FFT Window Controls

 There are two buttons for each channel. The text shown in these buttons changes to indicate the mode being used.

 FFT (OSC off)

When configured to display the FFT decibel response, a range of frequencies is searched to find the largest magnitude signal.  The frequency and magnitude are then displayed.  Mathematicaly frequency resolution depends on the data frames' size used (bigger is better), but is still astonishingly good even for modest frame sizes.  Better than 0.01 Hz accuracy is typical when the peak is sufficiently large to lock in and is uninvolved with other nearby signals (see note below regarding the crystal accuracy). There are four modes for locating the largest magnitude:
  • FMAX - The DC to F-nyquist (1/2 sampling rate) range is searched
  • MOUSE - A left mouse button click sets the measurement point
  • FOUT - The tester's frequency output sets the measurement point
  • LOCK - The measurement point is locked and does not change.

 OSC (FFT off)
In the oscilloscope display mode time and amplitude will be automatically adjusted to fit the selected signal frequency.

  • AUTO - Clicking on the AUTO button will cause the display to be auto ranged.

 Example Usage

An input frequency of 1234.567 Hertz is applied and measured. Even though the third harmonic (Fx3=3703.701 Hz) is 80 dB lower, it is never the less measured as 3703.686 Hz. The 0.025 Hz measurement error is improved by using the next larger FFT size.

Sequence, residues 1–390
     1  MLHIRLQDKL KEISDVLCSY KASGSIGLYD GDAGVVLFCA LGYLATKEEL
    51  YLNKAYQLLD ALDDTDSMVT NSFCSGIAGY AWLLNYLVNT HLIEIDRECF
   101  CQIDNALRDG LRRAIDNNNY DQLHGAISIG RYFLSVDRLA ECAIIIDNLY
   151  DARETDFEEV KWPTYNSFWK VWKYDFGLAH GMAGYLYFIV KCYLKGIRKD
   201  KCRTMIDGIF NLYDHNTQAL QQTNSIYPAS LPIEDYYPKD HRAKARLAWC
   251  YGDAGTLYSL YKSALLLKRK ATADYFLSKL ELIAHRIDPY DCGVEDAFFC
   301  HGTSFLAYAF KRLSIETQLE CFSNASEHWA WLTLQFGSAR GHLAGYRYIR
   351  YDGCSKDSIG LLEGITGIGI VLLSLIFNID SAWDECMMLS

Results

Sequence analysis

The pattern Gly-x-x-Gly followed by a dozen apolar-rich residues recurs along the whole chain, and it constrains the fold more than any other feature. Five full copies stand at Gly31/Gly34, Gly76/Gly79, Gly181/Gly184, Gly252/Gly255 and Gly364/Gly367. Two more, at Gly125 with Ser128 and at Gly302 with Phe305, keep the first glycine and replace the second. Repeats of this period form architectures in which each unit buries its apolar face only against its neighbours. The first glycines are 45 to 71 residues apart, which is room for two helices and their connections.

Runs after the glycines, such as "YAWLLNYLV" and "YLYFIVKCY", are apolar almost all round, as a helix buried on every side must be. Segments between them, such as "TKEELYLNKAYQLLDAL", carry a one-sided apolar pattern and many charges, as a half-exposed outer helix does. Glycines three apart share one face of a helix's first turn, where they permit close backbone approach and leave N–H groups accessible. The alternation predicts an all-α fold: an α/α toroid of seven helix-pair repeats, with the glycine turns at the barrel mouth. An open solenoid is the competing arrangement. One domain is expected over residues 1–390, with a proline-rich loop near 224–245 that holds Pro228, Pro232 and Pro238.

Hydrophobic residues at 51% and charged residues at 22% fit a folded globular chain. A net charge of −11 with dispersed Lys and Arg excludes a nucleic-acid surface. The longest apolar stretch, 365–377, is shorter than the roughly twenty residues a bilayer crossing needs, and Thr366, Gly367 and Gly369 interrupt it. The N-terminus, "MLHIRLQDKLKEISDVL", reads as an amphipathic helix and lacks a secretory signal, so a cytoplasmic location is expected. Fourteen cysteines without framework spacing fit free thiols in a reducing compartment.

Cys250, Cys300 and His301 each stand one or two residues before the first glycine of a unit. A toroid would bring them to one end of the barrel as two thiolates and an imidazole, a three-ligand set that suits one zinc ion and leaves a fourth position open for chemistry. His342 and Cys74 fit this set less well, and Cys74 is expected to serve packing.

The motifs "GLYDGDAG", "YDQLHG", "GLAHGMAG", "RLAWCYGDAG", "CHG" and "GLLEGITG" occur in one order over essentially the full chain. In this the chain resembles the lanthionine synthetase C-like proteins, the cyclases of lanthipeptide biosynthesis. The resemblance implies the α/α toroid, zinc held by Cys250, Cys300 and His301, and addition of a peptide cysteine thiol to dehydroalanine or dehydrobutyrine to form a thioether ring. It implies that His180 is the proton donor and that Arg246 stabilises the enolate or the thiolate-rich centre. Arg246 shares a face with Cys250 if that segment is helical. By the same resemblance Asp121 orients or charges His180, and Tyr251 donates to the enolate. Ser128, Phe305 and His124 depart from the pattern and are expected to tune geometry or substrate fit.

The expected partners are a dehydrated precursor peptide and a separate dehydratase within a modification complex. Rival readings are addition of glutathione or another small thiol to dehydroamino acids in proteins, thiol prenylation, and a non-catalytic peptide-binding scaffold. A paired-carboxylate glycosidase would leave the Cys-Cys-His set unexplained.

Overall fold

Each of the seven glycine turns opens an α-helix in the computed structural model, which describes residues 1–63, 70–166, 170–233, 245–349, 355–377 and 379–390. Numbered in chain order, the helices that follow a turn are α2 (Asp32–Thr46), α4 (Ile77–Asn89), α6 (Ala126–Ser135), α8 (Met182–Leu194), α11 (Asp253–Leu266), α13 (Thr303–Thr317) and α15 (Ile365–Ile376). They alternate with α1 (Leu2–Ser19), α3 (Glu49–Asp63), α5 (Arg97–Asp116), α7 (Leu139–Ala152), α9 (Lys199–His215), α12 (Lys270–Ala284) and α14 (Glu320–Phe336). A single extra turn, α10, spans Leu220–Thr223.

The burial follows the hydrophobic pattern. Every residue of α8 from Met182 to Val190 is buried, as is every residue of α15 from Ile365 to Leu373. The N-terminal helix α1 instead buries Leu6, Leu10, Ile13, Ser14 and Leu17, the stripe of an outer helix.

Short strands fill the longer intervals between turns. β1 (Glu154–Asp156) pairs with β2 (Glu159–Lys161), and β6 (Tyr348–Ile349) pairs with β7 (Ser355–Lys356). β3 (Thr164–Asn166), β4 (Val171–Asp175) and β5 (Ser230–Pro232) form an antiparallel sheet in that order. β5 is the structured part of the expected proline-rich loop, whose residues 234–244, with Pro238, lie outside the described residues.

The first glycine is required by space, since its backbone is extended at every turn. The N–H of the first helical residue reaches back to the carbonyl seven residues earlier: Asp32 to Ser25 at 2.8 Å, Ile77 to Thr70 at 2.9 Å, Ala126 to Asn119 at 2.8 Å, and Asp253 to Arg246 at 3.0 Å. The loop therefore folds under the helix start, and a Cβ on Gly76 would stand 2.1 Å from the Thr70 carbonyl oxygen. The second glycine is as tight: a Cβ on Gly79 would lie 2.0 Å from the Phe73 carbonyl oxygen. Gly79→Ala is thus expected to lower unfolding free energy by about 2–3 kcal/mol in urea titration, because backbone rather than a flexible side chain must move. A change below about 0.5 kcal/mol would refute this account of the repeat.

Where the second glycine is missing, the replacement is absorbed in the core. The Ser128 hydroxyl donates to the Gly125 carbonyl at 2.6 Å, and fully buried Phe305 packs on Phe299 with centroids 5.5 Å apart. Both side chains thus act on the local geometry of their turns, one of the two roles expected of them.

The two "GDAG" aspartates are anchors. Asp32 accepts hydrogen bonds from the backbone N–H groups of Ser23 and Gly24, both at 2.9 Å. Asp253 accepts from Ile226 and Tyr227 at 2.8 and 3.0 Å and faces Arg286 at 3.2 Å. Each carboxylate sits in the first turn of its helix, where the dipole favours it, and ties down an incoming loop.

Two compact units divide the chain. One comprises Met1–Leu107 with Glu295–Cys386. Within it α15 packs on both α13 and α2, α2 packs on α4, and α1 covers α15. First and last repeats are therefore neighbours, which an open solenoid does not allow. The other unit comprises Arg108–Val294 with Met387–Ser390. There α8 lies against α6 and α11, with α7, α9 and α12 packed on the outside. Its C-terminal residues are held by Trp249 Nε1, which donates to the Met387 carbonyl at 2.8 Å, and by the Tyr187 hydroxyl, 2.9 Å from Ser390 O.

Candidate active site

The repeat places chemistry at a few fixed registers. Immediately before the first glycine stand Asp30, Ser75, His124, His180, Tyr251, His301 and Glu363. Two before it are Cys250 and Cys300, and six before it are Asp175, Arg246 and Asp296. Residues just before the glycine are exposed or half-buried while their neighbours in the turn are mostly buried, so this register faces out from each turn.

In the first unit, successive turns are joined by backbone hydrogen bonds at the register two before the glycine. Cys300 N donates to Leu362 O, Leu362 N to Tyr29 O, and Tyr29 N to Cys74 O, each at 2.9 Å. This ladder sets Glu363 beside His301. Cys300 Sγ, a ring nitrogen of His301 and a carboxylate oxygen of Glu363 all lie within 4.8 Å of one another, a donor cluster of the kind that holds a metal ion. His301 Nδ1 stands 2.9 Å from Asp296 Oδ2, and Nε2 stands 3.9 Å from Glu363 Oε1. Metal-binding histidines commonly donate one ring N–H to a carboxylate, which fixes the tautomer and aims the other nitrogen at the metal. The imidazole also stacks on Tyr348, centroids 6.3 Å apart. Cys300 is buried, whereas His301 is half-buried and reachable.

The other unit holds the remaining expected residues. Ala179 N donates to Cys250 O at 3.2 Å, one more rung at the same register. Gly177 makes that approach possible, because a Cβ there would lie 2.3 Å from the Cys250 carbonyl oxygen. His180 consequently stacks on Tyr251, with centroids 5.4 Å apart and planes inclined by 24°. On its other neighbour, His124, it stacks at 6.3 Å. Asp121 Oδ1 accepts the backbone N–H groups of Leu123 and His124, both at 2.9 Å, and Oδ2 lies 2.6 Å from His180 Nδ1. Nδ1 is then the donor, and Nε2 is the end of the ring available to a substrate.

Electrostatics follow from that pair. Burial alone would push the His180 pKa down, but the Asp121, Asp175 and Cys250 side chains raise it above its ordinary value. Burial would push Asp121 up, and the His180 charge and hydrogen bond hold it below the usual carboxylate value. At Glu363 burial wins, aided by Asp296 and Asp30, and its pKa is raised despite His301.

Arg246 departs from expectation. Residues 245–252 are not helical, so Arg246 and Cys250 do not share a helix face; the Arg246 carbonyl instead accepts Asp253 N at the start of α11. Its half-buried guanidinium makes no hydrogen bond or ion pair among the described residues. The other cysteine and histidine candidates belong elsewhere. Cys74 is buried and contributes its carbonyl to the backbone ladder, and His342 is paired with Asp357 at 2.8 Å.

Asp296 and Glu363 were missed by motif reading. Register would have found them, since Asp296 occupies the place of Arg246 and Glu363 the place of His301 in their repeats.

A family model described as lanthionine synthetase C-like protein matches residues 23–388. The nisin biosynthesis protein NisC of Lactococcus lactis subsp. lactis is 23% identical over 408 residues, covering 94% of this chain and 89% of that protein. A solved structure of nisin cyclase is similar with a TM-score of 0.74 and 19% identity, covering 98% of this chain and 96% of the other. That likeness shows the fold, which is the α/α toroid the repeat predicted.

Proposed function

Mathematical accuracy is not the same as absolute accuracy. Absolute frequency accuracy is ultimately tied to the crystal time base that derives the codec sampling frequency.  The crystals used in our products have an initial frequency tolerance of +/-30 PPM or 0.03 Hz per 1Khz of measured signal. If you require higher absolute resolution, please contact us.

Similarly, 'math' accurate routines are also used when generating the sine wave outputs.  In this example, the output frequency was set to 1234.567 Hz, and the loop back confirms this.  If, however, two testers are used with the output of one feeding the input of the other, each would have a crystal error of +/-30 ppm.  The resulting final measurement would then have a potential absolute measurement error of +/-60 ppm or 0.06 Hz when a 1 kHz signal is applied. 

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 Oscilloscope View

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